Palmcorder Production: Hands On with the Ingenious Dougmon Rig
It was while browsing the exhibit halls of last year’s NAB Show that I was introduced to Dougmon. A pretty lady with Canon EOS 7D got my attention and her DSLR rig reeled it in.
Dougmon is an accessory for small cameras that aids in handheld, on-the-fly operation. It was conceived and built by a working cameraman, Doug Monroe, a 30-year veteran videographer and director of photography with an extensive list of credits.
|Camera operator Michael Su with Dougmon|
About a decade ago Monroe started shooting with palmcorder HD cameras on documentaries and reality shows; he found that he quickly experienced wrist and arm fatigue from even the modestly sized compact camera. He wanted to come up with a solution that would provide him some relief while maintaining the versatility and maneuverability of the small camera.
While I’ve said for years that I prefer a camera to sit on my shoulder, Monroe feels that position is far too limiting. His invention complements the style of shooting with palmcorders, which can go “anywhere your hand can go.” Dougmon provides support to your wrist and forearm but remains flexible enough to facilitate shooting low, from the hip or high above your head—none of which is really possible with a shoulder rig.
Monroe’s handheld rig mimics the physiology of the arm. A padded semicircle with a nylon strap slips over your forearm and tucks into the crook of your elbow. An adjustable straight arm leads along your forearm to your hand, where it ends in a tension ball joint centered in your palm. The idea is that the padded loop is the first point of support and the ball joint in your hand is the second—together, they mimic the movements you can make with your bare arm and wrist.
It’s a clever idea.
The Dougmon rig, which can accommodate cameras up to 5.5 lb., weighs just over 1.75 lb. (The optional Slingmon allows two hands on camera operation and the use of heavier cameras.)
I got the chance to try out a Dougmon for a while. I brought it with me for a couple gigs, pairing it with my Canon EOS 7D, a Nikon D800 and a JVC GY-HM100U.
Let me emphasize that Dougmon is not a camera stabilizer. Although it might aid in getting somewhat smoother shots than without any hardware at all—if the user is well versed in working with it—it is not going to replace a stabilizer system. This is a tool that minimizes operation fatigue.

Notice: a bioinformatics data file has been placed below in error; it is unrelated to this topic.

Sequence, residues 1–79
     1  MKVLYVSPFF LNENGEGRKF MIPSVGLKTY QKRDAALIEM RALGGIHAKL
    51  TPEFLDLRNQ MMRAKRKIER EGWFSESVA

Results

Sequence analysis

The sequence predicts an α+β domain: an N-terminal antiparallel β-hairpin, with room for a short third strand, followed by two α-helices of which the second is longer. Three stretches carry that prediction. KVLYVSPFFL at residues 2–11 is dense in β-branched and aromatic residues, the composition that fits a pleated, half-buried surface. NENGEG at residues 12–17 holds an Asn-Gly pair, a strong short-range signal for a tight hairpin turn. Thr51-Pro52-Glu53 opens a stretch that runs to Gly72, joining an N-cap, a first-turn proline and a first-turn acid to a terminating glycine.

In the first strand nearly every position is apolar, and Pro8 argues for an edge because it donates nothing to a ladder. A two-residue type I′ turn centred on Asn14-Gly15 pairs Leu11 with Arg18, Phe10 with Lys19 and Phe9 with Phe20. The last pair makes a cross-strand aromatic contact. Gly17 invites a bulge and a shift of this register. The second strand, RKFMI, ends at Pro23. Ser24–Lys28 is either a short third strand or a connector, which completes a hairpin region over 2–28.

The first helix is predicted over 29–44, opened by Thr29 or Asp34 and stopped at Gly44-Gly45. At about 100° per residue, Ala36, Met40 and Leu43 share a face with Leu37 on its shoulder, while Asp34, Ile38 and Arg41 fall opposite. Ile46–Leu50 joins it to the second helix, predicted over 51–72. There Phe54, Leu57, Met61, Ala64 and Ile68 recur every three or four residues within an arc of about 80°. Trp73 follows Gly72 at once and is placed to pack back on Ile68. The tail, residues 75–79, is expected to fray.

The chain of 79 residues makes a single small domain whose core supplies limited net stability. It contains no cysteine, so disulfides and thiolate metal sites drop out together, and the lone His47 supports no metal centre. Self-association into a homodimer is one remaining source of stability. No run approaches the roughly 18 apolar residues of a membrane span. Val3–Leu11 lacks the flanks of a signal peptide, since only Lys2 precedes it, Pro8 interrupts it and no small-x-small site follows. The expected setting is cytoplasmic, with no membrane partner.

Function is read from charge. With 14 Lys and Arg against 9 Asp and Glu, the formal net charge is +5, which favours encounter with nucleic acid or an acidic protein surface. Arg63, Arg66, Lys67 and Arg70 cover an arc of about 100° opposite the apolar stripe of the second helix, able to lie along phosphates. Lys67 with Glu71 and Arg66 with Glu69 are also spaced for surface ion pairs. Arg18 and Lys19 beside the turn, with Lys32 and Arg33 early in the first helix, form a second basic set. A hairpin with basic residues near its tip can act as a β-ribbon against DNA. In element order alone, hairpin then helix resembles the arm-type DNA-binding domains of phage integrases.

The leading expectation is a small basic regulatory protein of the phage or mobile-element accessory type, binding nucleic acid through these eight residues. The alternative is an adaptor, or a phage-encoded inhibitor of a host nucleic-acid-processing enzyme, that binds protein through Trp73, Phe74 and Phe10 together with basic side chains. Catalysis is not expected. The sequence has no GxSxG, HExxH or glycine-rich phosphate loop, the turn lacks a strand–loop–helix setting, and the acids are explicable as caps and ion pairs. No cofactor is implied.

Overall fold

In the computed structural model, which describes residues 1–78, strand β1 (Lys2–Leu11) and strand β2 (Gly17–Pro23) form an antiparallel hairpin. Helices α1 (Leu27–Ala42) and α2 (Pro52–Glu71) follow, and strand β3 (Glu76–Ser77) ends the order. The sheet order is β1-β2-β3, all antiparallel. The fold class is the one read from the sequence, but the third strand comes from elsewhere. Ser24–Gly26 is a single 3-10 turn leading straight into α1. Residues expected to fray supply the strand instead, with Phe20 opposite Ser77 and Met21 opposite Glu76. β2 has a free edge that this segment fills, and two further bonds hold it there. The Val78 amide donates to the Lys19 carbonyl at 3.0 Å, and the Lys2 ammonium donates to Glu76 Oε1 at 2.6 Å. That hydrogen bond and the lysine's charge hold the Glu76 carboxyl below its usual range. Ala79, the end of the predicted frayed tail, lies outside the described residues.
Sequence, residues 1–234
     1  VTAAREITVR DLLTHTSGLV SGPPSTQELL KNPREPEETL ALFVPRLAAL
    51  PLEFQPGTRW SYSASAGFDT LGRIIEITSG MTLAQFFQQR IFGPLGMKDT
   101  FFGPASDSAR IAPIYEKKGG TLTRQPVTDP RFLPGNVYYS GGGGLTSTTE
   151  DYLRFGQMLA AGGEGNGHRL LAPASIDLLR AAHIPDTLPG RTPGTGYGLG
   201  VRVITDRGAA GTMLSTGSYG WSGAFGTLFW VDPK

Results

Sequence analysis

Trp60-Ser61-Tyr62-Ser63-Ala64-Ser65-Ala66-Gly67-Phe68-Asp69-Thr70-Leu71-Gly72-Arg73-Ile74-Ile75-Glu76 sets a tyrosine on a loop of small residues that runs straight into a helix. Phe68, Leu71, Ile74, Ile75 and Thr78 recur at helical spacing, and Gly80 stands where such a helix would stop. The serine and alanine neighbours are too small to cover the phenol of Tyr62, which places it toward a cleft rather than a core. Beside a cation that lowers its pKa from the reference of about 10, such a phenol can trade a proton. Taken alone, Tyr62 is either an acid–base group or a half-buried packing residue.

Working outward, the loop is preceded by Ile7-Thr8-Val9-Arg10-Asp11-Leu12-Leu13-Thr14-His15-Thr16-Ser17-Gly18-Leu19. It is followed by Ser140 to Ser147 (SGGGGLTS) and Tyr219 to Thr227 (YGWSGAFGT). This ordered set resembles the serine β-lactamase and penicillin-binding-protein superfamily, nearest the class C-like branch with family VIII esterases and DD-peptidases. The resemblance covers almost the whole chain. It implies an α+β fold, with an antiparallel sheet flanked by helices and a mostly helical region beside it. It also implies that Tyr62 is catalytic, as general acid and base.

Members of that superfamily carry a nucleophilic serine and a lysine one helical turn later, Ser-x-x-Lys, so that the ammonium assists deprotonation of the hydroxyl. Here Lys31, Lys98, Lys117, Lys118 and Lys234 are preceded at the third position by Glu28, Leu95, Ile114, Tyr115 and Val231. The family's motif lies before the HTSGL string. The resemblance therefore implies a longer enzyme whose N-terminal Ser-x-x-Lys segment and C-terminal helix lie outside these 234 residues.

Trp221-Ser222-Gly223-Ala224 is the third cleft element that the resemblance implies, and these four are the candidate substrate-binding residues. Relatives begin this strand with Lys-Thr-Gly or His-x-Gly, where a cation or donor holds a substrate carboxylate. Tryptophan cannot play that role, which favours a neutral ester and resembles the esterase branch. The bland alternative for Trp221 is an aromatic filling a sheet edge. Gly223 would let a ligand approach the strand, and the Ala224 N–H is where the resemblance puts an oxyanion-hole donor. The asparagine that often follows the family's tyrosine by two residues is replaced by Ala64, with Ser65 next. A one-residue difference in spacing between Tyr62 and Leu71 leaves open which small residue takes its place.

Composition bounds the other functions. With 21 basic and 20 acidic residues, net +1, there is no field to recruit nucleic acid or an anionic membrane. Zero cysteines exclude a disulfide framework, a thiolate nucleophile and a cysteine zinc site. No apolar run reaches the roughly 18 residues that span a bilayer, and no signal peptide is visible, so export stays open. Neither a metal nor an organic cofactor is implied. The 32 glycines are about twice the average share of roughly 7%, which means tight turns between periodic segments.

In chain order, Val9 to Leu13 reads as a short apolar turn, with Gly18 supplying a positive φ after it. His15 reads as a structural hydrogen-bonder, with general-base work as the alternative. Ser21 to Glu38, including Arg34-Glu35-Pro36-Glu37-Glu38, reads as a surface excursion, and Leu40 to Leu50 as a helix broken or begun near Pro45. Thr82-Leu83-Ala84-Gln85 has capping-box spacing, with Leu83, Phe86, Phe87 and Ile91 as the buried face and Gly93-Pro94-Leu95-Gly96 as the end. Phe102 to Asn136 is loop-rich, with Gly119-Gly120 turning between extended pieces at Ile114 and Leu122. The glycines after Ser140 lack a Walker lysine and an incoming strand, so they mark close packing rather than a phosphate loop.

When I handhold these smaller cameras, I find that my fatigue doesn’t come from my wrist or forearm; it’s in my bicep and back as the day wears on. The worst for me was shooting for the X Games some years ago with a Sony DSR-PD150 for six to eight hours at a time. My arm fatigue was pretty bad and I was begging for a shoulder rig.
As an experiment, I held a Nikon D800 HDSLR with ikan D7w monitor one-handed and tried a 120mm lens shot. To make it harder, my shot was simply holding still, as if I were shooting a talking head interview. I thought this would give me a good point of reference for my evaluation of the Dougmon.
I didn’t do well at all. My arm lasted about 10 seconds until the shot was so shaky that it would have been unusable. I switched to two-handed operation and held steady for a little over four minutes at 120mm before I felt the shot was suffering from my fatigue. I rested for a couple hours, then slipped on the Dougmon and tried the shot again.
After some consideration, I pulled my elbow in close to my body, adjusted the Dougmon so that my arm was almost straight up—which put most of the weight into the crook of my elbow—and tried the same shot. I lasted two and a half minutes with one hand, substantially longer than when holding the rig with just one hand on the camera’s right-hand grip. With two hands, I was easily holding the camera for six minutes before my fatigue got the better of me.